Related Web Resources:
Dog Bites, Nolo

DogsBite.org

C-Sections Have Their Medical Risks, Too

December 1, 2010, by Michael A. DeMayo

According to the Centers for Disease Control and Prevention, for every three babies born nearly one will be delivered by cesarean section. Even though C-sections have lower birth injury rates, the procedure still come with certain risks, such as a higher infection risk, a longer hospital stay, and potential respiratory problems for the newborn.

Yet now more than ever women are having cesarean deliveries. In some cases, this choice is elective rather than necessary. Scheduling the birth date to fit into the busy schedules of the doctor and/or patient, economic incentives, and the fear of medical malpractice lawsuits are non-medical reasons why a baby might be delivered via C-section instead of naturally. For example, Northwestern Memorial Hospital obstetrician gynecologist Dr. Lauren Streicher notes that obstetricians are not financially compensated for the hours they must be available during a woman’s labor. They also usually have to cancel other appointments during this time.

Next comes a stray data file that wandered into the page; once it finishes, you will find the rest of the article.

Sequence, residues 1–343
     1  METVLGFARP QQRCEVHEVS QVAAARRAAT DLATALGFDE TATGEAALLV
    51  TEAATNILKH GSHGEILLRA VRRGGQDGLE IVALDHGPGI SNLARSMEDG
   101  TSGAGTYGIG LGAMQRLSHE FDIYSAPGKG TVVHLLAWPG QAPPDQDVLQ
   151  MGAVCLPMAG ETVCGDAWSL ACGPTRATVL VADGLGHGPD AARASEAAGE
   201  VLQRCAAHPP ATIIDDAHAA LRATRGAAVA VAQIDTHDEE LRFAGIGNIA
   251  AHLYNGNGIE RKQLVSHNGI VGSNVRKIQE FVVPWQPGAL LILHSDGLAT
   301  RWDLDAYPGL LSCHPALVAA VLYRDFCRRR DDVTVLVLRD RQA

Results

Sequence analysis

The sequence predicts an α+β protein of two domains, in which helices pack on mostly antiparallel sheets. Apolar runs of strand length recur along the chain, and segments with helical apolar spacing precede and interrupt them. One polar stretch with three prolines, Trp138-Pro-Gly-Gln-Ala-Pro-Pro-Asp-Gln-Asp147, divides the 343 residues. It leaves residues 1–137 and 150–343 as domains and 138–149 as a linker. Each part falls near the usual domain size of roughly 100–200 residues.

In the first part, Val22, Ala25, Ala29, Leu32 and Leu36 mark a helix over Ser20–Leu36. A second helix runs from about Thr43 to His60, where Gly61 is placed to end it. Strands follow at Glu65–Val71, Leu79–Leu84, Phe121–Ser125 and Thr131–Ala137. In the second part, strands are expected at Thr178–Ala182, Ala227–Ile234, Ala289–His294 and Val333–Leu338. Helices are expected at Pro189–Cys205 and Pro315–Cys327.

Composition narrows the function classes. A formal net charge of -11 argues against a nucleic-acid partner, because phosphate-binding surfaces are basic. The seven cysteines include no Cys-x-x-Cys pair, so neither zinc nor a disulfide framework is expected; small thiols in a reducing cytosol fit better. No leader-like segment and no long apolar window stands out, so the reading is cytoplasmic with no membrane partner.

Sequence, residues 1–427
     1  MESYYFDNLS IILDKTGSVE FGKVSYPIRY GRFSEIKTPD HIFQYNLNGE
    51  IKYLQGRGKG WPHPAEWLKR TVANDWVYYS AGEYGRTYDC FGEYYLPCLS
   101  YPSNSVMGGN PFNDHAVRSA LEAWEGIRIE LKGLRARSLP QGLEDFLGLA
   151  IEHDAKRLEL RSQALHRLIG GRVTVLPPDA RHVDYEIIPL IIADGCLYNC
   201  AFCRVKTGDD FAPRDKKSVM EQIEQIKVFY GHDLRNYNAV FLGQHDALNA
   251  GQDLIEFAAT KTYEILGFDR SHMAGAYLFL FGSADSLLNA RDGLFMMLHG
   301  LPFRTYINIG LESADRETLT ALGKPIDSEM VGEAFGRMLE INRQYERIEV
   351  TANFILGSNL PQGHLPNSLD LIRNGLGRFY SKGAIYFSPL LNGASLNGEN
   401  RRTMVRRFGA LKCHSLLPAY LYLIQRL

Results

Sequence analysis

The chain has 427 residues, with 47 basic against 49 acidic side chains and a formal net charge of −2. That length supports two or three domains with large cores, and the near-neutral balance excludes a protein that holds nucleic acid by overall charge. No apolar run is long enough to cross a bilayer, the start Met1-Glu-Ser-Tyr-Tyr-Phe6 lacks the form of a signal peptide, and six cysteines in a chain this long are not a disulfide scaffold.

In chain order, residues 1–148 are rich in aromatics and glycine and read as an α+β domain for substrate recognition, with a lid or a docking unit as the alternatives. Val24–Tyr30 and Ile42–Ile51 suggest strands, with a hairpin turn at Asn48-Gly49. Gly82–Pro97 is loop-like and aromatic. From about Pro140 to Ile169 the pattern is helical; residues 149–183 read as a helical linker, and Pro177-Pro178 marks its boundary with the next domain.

Some medical professionals feel that cesarean delivery disrupts the natural process that helps newborns move into a world where they have to breath air. According to Dr. Lucky Jain, C-section babies are more likely than infants that are born naturally to develop respiratory distress after they are born. They also risk developing asthma.

Jain also notes that C-sections—especially if a woman has multiple cesareans—can lead to medical complications for the mom.

North Carolina Birthing Malpractice
If you believe that your child’s birthing injuries are a result of a medical mistake by your obstetrician or gynecologist, you should contact an experienced birthing malpractice lawyer to discuss your case.

A C-section is a major surgery and should be performed only after determining that this is a good medical option for the mother and baby. In certain cases, failure to perform a cesarean delivery can be grounds for a North Carolina birthing malpractice lawsuit if the baby sustains injuries, such as cerebral palsy or brain damage, as a result.

Are C-Sections Too Common?, ABC News, March 10, 2010

Cesarean Section – Risks and Complications, Web MD

Related Web Resources: